Limp is a symptom and not a diagnosis
There are red flag conditions not to be missed which can occur at all ages. The causes of limp can be broadly divided into acute and chronic and categorised by age.
Common pitfalls in making a diagnosis of limp include:
- Ascribing limp to trauma and overlooking features that suggest other causes.
- Referred pain (e.g. from the abdomen (and testes in boys), back or chest and hip pathology manifesting as knee pain).
- Think beyond the hip (!) and examine the child comprehensively.
- Assess for proximal muscle weakness; ask the child to get up from the floor (Gowers’ manoeuvre), jump or climb a step
- Classical clinical features of sepsis may be masked in the immunosuppressed child.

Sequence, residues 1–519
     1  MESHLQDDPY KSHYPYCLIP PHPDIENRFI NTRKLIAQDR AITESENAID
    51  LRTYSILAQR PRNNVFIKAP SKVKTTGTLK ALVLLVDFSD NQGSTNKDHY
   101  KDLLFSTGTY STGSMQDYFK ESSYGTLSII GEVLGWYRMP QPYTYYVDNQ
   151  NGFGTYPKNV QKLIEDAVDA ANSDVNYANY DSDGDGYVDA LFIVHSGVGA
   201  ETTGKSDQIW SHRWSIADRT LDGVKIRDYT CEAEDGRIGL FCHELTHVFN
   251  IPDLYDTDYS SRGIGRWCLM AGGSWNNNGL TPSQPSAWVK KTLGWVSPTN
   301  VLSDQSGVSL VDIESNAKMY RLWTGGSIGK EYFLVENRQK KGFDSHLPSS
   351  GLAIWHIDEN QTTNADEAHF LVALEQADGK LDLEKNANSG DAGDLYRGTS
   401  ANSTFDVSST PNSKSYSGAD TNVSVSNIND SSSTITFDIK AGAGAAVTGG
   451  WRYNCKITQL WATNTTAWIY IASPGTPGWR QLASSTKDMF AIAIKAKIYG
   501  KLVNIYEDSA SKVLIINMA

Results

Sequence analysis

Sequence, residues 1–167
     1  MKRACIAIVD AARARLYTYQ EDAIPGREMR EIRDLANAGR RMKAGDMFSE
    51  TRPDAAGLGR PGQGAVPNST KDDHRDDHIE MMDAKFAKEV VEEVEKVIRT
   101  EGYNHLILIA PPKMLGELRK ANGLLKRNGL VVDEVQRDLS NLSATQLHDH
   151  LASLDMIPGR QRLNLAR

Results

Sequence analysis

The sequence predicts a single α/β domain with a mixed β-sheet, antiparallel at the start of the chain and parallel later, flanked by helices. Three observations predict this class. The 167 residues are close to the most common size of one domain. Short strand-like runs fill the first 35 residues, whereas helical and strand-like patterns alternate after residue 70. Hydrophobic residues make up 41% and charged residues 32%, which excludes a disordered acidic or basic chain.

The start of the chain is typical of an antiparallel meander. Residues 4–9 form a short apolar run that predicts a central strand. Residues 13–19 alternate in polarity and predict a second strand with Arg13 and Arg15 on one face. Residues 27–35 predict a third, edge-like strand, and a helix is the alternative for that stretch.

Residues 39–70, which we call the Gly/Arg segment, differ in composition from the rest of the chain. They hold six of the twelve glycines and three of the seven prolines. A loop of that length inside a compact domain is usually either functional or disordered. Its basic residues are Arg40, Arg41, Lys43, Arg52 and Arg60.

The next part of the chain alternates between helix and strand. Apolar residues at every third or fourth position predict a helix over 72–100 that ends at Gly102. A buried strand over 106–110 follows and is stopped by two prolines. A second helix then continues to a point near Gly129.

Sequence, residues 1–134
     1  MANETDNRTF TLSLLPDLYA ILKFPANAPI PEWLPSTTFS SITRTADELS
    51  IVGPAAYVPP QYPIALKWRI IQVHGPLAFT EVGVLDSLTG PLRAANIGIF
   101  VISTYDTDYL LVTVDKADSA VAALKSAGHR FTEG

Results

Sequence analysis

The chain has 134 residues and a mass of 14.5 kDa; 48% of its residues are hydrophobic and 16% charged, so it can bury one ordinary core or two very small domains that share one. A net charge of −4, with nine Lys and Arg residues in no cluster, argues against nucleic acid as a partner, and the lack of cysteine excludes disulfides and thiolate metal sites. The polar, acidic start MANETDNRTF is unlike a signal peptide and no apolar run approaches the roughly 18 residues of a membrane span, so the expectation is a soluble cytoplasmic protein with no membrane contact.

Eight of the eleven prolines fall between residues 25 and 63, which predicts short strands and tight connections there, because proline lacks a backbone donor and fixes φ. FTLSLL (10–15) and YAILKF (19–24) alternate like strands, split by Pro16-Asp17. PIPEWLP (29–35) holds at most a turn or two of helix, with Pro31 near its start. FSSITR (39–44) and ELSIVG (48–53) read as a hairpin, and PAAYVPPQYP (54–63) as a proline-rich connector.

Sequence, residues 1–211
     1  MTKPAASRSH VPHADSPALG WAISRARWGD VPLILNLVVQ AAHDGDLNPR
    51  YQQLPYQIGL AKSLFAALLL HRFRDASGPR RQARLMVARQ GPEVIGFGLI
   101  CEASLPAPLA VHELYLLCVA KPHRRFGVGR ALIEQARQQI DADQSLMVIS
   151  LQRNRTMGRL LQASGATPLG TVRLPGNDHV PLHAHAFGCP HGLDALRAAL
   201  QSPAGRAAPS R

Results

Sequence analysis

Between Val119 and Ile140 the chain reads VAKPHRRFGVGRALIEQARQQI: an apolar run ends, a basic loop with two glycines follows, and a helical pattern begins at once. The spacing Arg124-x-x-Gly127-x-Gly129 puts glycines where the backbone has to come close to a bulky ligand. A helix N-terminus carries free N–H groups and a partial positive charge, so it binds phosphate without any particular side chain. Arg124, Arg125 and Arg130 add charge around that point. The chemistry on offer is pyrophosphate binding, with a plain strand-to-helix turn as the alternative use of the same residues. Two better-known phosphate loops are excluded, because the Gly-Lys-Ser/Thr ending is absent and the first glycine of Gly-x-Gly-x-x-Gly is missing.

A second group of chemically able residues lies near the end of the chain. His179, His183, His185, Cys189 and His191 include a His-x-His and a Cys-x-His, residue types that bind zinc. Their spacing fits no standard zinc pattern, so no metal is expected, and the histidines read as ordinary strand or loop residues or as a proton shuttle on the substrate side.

- Mycobacterial infection can be easily missed.
- Synovial fluid may be sterile in partially treated septic arthritis.
- Labelling children with daytime symptoms as having “growing pains”.
- Medically unexplained limp or physical symptoms warrant specific management and referral (i.e. discharge without a diagnosis and follow up plan is not advised).
- The blood film may be normal in children with malignancy.
- Radiographs are often normal in children with early sepsis or arthritis.
- Acute phase reactants may be normal in children with arthritis.
- Rheumatoid factor is usually negative in children with arthritis.
- Antinuclear antibody and rheumatoid factors may be false positives in children without inflammatory joint or muscle disease.